The regard for a natural environment is also consistently reflected in secular building. In the Heian period complex building schemes, known as shinden-zukuri, were devised for the court nobles. A number of elegant rectangular houses were joined by long corridors that surrounded a landscaped garden and pond. During the Kamakura period (late 12th–14th cent.), the shinden-zukuri was modified for the samurai class, and clusters of separate buildings were united under one roof. During this period the standard for domestic architecture was set and has been maintained to the present day.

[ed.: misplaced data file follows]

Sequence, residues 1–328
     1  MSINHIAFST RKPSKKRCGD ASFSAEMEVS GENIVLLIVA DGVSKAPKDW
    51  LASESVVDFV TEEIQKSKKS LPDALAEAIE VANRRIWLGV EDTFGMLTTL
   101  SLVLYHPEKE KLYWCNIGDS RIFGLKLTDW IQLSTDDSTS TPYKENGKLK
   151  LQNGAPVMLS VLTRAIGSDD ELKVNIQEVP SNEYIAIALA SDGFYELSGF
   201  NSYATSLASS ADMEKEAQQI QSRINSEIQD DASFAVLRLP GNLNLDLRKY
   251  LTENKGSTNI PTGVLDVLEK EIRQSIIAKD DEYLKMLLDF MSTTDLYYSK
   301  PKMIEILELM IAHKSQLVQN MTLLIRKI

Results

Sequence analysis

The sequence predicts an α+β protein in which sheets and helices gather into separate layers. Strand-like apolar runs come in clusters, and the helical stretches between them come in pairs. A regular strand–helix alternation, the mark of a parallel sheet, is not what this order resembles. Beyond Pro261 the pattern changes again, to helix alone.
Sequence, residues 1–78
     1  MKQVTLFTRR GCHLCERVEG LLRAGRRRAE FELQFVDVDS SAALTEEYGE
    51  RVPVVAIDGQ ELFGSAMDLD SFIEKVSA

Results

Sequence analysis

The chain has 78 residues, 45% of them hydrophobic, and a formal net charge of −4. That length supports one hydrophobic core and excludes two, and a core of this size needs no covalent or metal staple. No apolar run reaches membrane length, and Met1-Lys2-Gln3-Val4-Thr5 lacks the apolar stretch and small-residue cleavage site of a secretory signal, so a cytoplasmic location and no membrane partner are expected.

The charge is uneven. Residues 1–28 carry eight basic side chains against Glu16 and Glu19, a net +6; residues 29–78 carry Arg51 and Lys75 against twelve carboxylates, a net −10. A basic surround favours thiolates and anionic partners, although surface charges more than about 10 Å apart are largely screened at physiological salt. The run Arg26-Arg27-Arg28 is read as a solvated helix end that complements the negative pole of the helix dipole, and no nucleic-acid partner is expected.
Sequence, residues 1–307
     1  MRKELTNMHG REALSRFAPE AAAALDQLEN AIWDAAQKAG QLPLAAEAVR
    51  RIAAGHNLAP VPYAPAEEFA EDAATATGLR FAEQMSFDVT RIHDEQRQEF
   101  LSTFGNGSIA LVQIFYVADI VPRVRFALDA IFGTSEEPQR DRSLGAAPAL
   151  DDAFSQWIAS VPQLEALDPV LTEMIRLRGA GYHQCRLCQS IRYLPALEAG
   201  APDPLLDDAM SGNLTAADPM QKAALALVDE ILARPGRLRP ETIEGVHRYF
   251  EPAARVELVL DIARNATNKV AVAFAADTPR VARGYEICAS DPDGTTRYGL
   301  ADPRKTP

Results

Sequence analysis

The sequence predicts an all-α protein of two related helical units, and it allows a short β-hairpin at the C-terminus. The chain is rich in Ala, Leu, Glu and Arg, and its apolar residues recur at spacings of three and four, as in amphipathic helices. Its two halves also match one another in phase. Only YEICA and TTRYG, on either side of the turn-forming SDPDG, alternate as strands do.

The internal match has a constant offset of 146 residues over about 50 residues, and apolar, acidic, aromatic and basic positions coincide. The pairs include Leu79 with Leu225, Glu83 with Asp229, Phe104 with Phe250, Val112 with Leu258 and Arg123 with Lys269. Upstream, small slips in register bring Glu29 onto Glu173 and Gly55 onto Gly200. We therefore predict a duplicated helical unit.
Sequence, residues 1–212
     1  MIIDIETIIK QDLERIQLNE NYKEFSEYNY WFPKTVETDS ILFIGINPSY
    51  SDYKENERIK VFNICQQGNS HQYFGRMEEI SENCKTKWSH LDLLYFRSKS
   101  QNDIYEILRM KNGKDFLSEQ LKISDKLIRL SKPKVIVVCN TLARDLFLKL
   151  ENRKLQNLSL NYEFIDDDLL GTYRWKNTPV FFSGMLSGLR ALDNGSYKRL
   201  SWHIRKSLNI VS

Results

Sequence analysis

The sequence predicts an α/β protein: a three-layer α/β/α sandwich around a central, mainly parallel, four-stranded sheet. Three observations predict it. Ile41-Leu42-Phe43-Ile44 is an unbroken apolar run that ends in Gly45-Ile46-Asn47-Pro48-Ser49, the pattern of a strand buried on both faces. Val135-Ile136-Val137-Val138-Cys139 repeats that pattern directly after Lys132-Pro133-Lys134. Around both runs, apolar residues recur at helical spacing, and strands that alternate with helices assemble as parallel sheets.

The principal style of Japanese dwelling of the upper class is unexcelled for its refinement and simplicity. Interior posts form a supporting skeleton for the roof. The exterior walls usually consist of movable panels that slide in grooves. Wood panels (used at night or in rainy weather) alternate with screens of mounted rice paper (used in warm weather). The interior of the house is flexibly subdivided by screens ( shoji ) into a series of airy spaces. Important rooms are provided with a tokonoma, an alcove for the display of a flower arrangement and a few carefully chosen objects of art. Often a separate space is set aside for the tea ceremony, either incorporated within the house or constructed as a pavilion in the garden.
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The Columbia Electronic Encyclopedia, 6th ed. Copyright © 2012, Columbia University Press. All rights reserved.
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